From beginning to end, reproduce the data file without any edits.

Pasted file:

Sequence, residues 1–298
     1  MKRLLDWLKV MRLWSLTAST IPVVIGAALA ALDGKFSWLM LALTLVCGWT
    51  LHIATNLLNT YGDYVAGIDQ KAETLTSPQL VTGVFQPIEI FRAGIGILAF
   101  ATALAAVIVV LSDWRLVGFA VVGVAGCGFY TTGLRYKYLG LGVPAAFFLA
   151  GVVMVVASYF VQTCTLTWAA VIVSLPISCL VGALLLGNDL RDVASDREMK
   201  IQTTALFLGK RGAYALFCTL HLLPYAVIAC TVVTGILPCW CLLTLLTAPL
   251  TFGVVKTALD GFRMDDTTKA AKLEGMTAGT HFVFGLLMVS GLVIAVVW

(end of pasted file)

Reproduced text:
Sequence, residues 1–298
     1  MKRLLDWLKV MRLWSLTAST IPVVIGAALA ALDGKFSWLM LALTLVCGWT
    51  LHIATNLLNT YGDYVAGIDQ KAETLTSPQL VTGVFQPIEI FRAGIGILAF
   101  ATALAAVIVV LSDWRLVGFA VVGVAGCGFY TTGLRYKYLG LGVPAAFFLA
   151  GVVMVVASYF VQTCTLTWAA VIVSLPISCL VGALLLGNDL RDVASDREMK
   201  IQTTALFLGK RGAYALFCTL HLLPYAVIAC TVVTGILPCW CLLTLLTAPL
   251  TFGVVKTALD GFRMDDTTKA AKLEGMTAGT HFVFGLLMVS GLVIAVVW